Footwear                                                              

Have you ever wondered about the lowly foot?  Just think about the foot.  It is delicately constructed with  26 bones, 19 muscles and 107 ligaments per foot. It travels an average of 65,000 miles in a lifetime.  Ever think about how people for centuries have continually mistreated their feet with different kinds of footwear?

About the mid-14th  century, Europeans came to love very narrow shoes as long as three feet in length.  They originated in Poland and were supposed to keep the witches away.  A chain was worn around the wearer’s neck to keep them in place.  Toe length was regulated by law, and it seems that only the rich were permitted to wear the very long extended tips.

At the turn of the 15th century, wide shoes took the place of long shoes as the favorites to wear.  Some even measured 12 inches across.  Sensible Mary Tudor finally decreed that the width of a shoe could be no more than 6 inches.

Next came the chopine or platform shoe, which sometimes reached heights of 20 inches or more.  In Hamlet, Shakespeare writes about a ladyship being closer to heaven in her chopine.  The drawback was that the wearer could not move in them.  The Venetians had invented them but also were the ones to ban them.  They were hazardous to pregnant women who often fell while wearing them.

It was the 17th century and King Louis XIV who gave us high heels.  He wanted to appear taller than he was.  His courtiers soon copied the new style, and later ladies took the heels to new heights.  With great pressure now put on the balls of the feet, Podiatrists were assured steady employment.

     Some people, however, were more sensible about their footwear.  The Hittites, who lived in rocky, mountainous areas, wore high shoes with curled up toes.  The Egyptians, Babylonians, and Athenians wore open sandals.  An even more practical solution to footwear was to wear shoes outside and go barefoot inside.  The Greeks, Cretans, and Japanese shed their shoes upon entering the house.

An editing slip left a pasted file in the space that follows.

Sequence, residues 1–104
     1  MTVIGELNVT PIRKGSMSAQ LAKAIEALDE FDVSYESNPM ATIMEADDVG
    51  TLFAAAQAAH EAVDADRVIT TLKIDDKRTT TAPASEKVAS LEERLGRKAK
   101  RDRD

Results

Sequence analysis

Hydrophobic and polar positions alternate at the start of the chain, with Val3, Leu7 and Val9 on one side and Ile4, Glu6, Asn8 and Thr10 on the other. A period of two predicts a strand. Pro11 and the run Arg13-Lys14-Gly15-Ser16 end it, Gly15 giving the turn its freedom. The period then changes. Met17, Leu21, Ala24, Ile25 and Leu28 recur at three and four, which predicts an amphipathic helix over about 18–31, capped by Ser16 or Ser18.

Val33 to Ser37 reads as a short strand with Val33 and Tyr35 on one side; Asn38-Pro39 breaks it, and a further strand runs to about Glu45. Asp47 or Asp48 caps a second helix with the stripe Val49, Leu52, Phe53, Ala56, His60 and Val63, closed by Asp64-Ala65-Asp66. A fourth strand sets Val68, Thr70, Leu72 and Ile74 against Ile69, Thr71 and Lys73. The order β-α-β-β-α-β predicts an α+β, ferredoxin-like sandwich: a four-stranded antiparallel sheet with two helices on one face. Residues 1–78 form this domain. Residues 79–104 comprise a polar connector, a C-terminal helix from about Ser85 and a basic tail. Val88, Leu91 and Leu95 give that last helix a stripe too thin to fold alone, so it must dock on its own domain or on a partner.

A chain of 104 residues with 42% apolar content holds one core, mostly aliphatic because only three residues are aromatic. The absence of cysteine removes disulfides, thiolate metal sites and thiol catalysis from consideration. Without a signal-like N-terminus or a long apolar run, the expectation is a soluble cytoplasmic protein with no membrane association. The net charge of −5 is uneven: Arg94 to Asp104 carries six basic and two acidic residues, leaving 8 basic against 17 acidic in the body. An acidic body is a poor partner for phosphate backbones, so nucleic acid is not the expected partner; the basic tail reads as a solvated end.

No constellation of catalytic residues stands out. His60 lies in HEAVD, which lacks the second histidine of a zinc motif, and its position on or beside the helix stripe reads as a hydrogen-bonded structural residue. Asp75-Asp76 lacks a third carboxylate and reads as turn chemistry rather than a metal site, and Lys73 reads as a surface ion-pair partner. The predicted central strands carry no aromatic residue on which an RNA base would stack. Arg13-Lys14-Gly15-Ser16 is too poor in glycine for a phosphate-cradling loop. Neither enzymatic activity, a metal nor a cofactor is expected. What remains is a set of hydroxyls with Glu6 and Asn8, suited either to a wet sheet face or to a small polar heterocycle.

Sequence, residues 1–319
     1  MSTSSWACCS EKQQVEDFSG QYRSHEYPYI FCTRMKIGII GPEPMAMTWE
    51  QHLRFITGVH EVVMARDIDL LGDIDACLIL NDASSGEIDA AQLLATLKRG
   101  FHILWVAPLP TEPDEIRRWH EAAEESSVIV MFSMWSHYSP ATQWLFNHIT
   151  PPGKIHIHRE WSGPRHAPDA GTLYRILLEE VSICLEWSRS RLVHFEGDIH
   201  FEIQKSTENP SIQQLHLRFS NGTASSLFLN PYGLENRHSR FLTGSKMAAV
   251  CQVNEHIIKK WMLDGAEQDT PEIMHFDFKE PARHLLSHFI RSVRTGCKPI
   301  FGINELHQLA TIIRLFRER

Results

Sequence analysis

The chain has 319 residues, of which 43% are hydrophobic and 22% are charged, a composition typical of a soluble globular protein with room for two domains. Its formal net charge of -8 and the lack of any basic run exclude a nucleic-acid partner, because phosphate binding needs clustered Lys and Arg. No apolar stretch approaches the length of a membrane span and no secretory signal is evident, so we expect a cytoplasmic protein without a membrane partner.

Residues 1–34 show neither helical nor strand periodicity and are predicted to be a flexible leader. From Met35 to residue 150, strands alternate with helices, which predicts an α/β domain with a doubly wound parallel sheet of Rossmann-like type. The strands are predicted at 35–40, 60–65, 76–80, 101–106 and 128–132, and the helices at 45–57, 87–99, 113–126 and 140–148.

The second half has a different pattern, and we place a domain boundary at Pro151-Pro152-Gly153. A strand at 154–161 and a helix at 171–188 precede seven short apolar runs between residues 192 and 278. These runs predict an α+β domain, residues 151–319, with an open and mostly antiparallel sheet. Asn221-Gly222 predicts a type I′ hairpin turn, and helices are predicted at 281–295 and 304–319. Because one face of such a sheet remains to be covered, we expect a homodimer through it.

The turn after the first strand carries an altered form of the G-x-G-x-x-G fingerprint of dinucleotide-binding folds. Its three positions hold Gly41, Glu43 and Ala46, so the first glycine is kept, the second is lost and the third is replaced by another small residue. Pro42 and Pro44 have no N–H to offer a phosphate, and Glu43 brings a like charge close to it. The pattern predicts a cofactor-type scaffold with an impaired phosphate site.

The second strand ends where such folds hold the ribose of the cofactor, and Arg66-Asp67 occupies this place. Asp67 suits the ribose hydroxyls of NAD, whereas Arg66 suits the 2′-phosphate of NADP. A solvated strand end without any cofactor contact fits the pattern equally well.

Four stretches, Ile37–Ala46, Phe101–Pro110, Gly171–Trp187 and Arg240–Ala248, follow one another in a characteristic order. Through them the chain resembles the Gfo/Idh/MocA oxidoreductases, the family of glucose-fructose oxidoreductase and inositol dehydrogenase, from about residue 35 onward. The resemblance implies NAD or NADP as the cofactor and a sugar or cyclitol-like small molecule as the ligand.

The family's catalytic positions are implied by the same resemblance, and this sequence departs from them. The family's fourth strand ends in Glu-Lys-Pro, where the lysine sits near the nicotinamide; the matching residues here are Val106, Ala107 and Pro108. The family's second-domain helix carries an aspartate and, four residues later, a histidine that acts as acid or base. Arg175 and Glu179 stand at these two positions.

The Romans were known for a variety of styles. The Emperor had special shoes as well as the senators and legionnaires.  High open toed shoes were worn for dressy occasions.  Women still wear them today and call them ‘mules’’.  There were wooden soled shoes for sport and play and fancy beaded ones for ladies.

Of course all of these were for the rich.  The peasants usually went barefoot or used whatever materials they could find.  In Spain, shoes were woven from grasses and were called espadrilles.  In Germany, a simple piece of leather with holes all around and then laced together was the common form of footwear.  It became the emblem of the peasant revolt in the late Middle Ages.  Another humble shoe, a wooden shoe called a ‘sabot’,  was found to effectively cause great damage when thrown into machinery.  Can you guess what word we get from this?  Right —– sabotage.

We think of the moccasin as an American contribution, but archeologists have discovered that moccasin-like shoes were worn in northern Europe during the Bronze Age.  But, we do have two kinds of footwear that owe their origins to America:  Sneakers and Cowboy Boots.  What would we wear without them?

There have been countless fads and so many must-haves for lots of us.  I for one love shoes.  I know it is silly, but I still love them….  Growing up in the fifties and sixties, I wore lots of pointy toed heels and, like many, have feet shaped a little bit differently.  But, we were fashionable, weren’t we?

Oh, the things we have done to our feet…… There you have it……..  A bit about the history of shoes.

Have a nice week and God bless you.